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Nicotine Tob Res. 2014 Nov;16(11):1436-45. doi: 10.1093/ntr/ntu095. Epub 2014 Jun 16.

Smoking reductions and increased self-efficacy in a randomized controlled trial of smoking abstinence-contingent incentives in residential substance abuse treatment patients.

Author information

1
Department of Medicine, University of Connecticut Health Center, Farmington, CT salessi@uchc.edu.
2
Department of Medicine, University of Connecticut Health Center, Farmington, CT.

Abstract

INTRODUCTION:

Individuals with substance use disorders (SUDs) experience increased smoking-related morbidity and mortality but severely compromised smoking treatment benefits. Residential SUD treatment settings may be particularly positioned to target smoking, with ever-increasing smoking bans and culture shifts, but most smokers continue smoking. This study examined the effects of contingency management (CM) for increasing smoking abstinence in residential patients.

METHODS:

Smokers interested in quitting were recruited from a residential SUD program for men and were randomized to frequent smoking monitoring with behavioral support (monitoring; n = 21) or that plus smoking abstinence-contingent (expired carbon monoxide [CO] ≤ 6 ppm; urinary cotinine ≤ 30ng/ml) incentives (CM, n = 24) for 4 weeks. After setting a quit date, procedures included daily behavioral support and smoking self-reports, 2 CO samples (a.m./p.m.) Monday through Friday, and cotinine tests on Mondays. CM participants received escalating draws for prizes ($1, $20, and $100 values) for negative tests; positive and missed samples reset draws. Follow-ups involved samples, self-reported smoking, and self-efficacy (weeks 4, 8, 12, and 24).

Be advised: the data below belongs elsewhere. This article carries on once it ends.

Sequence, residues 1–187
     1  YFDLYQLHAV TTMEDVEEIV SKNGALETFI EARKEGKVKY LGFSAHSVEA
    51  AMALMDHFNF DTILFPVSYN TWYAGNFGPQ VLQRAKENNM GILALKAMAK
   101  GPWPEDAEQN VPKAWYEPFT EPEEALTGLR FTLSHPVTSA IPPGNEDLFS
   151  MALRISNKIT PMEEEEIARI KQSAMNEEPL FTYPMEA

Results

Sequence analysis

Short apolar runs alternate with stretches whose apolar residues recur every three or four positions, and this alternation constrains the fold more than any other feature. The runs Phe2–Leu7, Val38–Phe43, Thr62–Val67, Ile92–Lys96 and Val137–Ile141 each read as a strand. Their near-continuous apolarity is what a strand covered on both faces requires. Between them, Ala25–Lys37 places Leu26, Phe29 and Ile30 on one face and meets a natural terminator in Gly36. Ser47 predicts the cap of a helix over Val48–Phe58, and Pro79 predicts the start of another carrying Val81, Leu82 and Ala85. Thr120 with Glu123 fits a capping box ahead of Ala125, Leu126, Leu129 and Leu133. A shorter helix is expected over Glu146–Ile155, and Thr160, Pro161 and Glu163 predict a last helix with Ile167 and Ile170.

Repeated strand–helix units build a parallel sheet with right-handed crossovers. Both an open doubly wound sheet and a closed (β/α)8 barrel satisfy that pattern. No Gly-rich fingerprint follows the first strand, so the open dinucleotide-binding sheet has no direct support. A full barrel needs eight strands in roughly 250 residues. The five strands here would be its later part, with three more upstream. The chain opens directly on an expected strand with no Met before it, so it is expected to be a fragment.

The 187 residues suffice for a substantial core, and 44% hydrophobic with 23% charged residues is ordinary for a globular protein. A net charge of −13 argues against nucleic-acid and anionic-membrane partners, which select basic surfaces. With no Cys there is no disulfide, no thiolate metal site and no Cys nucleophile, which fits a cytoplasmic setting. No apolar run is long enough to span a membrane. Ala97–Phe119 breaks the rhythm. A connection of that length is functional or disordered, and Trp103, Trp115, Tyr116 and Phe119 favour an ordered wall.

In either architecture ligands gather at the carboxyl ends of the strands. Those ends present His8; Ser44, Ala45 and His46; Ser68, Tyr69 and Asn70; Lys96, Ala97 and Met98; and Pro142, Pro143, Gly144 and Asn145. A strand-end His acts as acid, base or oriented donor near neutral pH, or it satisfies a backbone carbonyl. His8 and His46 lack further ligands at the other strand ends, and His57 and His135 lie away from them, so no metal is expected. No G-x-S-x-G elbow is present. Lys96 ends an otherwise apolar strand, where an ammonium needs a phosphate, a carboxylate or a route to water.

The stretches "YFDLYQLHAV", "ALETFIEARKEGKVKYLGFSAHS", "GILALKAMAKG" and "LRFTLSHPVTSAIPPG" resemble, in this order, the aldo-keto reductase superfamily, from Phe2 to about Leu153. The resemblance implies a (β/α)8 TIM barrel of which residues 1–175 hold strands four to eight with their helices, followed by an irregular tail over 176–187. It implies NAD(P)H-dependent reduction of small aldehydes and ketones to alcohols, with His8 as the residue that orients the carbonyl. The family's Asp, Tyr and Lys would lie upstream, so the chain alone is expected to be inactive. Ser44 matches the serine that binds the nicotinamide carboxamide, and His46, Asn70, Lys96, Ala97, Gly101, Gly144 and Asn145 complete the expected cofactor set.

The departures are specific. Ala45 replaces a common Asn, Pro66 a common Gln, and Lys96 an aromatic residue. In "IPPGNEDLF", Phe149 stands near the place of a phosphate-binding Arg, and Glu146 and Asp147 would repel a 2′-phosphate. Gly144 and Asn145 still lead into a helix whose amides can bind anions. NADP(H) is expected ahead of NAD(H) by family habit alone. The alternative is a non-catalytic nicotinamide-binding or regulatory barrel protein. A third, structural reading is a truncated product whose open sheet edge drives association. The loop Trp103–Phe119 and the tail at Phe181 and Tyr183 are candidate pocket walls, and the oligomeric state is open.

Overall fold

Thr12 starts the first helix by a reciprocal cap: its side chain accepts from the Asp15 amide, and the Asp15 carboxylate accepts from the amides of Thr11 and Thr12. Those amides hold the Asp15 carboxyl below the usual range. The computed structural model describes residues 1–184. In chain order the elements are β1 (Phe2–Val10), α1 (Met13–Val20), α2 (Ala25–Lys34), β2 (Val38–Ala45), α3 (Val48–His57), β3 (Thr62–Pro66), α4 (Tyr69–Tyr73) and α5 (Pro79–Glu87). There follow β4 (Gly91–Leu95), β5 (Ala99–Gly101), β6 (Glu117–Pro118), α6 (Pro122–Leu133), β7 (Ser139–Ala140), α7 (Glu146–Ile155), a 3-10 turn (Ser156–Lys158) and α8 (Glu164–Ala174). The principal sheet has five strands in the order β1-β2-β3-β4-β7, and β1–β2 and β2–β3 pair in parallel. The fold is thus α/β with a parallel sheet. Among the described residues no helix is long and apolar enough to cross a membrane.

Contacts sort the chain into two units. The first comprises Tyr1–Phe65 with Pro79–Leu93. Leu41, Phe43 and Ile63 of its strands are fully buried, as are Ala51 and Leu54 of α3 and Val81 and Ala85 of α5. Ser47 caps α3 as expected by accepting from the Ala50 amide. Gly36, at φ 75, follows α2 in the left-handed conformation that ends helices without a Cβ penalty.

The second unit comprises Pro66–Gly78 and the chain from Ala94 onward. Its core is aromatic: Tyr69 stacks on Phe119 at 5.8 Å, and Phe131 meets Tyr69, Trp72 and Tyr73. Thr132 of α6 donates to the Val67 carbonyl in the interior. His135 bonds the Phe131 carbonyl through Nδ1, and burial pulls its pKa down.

RESULTS:

Percent days CO-negative was higher with CM (median [interquartile range] 51.7% [62.8%]) compared to monitoring (0% [32.1%]) (p = .002). Cigarettes per day declined and point-prevalence abstinence increased through follow-up (p < .01), without significant group by time effects (p > .05). Abstinence self-efficacy increased overall during the intervention and more with CM compared to monitoring and was associated with abstinence across conditions through follow-up.

CONCLUSIONS:

CM improved some measures of response to smoking treatment in residential SUD patients.

PMID:
24935755
PMCID:
PMC4271087
DOI:
10.1093/ntr/ntu095
[Indexed for MEDLINE]
Free PMC Article

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